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To determine the prevalence of metabolic syndrome (MetS) and its components and to evaluate the relationship between this diagnosis and cardiovascular risk factors, demographic and socio-economic variables.
A cross-sectional study using a questionnaire including information on sociodemographic and CVD risk factors. Blood pressure, anthropometric indices, fasting glucose and lipid profile were measured. MetS was defined according to the criteria of the National Cholesterol Education Program, Adult Treatment Panel III.
The whole Tunisian territory; Transition and Health Impact in North Africa (TAHINA) project.
A total of 4654 individuals (1840 men and 2814 women), aged 35 to 74 years, who participated in the Tunisian national survey.
The overall prevalence of MetS was 30·0 %, higher in women (36·1 %) than in men (20·6 %; P < 0·001). In both genders MetS prevalence increased significantly with age (P < 0·001), but this increase was more important in women. Multiple regression analyses showed that the odds for MetS increased significantly with urban area for both men and women (P < 0·05 and P < 0·001, respectively). The multivariate models showed also that the odds for MetS increased significantly with increasing level of education and in those with a family history of CVD for men (both P < 0·05) and after the menopausal transition for women (P < 0·05).
The study highlights the MetS problem in a middle-income developing country. There is an urgent need for a comprehensive, integrated, population-based intervention programme to ameliorate the growing problem of MetS in Tunisians.
To assess the nutritional status of Tunisian adolescents and associated factors.
A cross-sectional study based on a national stratified random cluster sample.
Subjects and methods
In all, 1295 boys and 1577 girls aged 15–19 years, of whom 28·4 % had already left school. Socio-economic characteristics of the parents, anthropometric measurements, food behaviours and physical activity of the adolescents were recorded during home visits.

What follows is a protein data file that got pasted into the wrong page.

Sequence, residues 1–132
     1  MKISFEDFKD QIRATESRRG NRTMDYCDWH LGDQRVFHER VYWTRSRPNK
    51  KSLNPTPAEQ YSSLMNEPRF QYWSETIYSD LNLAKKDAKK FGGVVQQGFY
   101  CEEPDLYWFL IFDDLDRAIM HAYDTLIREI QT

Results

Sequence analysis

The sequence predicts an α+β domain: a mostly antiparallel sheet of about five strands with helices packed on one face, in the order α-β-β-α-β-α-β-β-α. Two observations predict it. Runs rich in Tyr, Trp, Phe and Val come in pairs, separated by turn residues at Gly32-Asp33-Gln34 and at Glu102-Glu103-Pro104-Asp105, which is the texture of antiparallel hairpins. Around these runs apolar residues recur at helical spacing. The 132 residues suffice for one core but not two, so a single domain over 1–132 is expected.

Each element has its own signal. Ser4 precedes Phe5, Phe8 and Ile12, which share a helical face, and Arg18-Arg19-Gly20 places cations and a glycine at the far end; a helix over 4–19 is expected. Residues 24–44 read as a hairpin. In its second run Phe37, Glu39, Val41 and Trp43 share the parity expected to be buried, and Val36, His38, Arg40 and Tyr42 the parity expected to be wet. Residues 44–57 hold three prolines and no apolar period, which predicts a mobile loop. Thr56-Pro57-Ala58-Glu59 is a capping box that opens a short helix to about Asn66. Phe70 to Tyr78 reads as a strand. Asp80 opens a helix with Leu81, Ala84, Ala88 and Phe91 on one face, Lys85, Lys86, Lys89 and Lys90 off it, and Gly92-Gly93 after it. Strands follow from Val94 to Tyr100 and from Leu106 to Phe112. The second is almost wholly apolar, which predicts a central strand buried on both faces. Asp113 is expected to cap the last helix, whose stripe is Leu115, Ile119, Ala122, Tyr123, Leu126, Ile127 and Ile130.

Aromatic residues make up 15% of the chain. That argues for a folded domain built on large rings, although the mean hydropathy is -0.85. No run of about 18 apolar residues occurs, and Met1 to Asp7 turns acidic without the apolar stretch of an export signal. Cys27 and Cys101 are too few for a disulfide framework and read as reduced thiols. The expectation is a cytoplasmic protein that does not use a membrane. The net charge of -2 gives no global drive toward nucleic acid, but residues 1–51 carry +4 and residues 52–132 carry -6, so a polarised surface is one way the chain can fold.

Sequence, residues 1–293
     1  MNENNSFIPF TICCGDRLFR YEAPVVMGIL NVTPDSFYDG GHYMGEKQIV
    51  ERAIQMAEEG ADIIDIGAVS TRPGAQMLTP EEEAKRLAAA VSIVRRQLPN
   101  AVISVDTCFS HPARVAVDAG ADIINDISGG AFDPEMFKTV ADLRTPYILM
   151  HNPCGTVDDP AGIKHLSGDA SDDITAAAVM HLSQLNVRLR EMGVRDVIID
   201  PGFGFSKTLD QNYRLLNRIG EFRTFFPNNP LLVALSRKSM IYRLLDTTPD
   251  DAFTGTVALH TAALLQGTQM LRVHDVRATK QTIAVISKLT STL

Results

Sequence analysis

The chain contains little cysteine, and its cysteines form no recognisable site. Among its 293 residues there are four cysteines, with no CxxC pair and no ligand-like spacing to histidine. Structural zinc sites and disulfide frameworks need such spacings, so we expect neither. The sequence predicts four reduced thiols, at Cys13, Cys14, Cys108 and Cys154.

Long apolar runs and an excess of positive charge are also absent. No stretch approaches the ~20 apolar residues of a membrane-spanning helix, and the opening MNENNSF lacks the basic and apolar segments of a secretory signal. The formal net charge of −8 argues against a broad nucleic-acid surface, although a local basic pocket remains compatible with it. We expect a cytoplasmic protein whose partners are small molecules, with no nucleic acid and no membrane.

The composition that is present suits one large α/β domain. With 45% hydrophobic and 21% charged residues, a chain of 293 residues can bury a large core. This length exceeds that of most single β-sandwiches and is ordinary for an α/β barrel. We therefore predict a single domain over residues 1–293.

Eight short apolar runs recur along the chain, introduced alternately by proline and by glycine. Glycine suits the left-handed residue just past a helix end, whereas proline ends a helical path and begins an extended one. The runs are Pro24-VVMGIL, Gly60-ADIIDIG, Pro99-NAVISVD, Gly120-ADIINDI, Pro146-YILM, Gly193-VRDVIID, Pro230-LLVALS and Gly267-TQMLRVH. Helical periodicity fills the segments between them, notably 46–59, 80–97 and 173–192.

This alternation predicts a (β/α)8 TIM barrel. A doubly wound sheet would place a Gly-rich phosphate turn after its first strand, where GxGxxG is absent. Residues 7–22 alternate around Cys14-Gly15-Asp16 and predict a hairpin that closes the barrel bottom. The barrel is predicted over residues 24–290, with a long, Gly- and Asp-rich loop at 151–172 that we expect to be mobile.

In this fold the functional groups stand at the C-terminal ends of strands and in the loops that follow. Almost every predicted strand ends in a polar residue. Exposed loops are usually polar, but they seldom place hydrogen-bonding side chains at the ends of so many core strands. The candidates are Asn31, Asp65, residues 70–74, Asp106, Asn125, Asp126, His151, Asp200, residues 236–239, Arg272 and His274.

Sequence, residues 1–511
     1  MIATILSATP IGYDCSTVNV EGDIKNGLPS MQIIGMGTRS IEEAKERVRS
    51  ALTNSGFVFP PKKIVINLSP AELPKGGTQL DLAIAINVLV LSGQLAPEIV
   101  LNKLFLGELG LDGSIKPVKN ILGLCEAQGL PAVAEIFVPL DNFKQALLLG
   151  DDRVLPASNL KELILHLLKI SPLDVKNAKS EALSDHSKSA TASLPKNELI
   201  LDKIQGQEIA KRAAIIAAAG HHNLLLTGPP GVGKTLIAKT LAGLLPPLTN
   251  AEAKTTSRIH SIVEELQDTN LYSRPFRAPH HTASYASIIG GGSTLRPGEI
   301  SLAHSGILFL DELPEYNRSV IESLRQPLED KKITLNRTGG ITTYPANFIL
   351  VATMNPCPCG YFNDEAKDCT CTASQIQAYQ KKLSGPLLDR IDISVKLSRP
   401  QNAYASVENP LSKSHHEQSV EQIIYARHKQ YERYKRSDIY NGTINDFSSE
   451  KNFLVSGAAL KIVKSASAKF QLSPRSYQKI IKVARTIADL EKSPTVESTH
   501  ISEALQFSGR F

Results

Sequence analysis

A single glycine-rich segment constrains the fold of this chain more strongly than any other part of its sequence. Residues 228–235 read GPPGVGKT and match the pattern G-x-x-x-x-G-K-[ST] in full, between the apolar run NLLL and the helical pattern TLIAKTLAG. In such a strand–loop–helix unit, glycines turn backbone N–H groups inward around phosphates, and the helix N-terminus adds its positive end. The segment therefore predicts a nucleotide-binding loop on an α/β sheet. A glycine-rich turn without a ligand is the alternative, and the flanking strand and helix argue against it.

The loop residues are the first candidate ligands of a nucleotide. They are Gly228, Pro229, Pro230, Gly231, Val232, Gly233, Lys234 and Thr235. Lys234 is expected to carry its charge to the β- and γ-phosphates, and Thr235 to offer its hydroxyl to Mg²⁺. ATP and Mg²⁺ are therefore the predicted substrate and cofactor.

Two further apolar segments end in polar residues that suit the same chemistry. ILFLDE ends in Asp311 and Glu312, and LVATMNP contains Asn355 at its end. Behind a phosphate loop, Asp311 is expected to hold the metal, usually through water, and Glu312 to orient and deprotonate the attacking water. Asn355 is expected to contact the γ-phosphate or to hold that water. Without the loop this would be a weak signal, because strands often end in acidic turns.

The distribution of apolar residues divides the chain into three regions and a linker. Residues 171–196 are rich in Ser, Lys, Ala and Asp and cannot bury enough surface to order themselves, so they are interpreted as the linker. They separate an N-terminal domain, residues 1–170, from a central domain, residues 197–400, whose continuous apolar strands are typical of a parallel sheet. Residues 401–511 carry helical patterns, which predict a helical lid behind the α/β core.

Prevalence of underweight, overweight and obesity (WHO/National Center for Health Statistics reference) were, respectively, 8·1 %, 17·4 % and 4·1 % among boys and 1·3 %, 20·7 % and 4·4 % among girls; abdominal obesity was highly prevalent among both sexes. Prevalence of overweight differed by region (from 11·5 % to 22·2 %) and was higher in urban v. rural areas for males (21·7 % v. 10·4 %) but not for females (21·7 % v. 19·2 %). These differences were partially mediated by socio-economic and lifestyle factors for males. For females, influence of cultural factors is hypothesised. In rural areas, overweight was more prevalent among boys of higher economic level households, having a working mother or a sedentary lifestyle; for girls, prevalence increased with the level of education of the mother. In urban areas, prevalence of overweight was related to eating habits: it was higher for boys with irregular snacking habits and for girls skipping daily meals. Urban girls having left school were also more overweight.
Overweight and abdominal obesity in late adolescence have become a true public health problem in Tunisia with the combined effects of cultural tradition for girls in rural areas, and of rapid economic development for boys and girls in cities.
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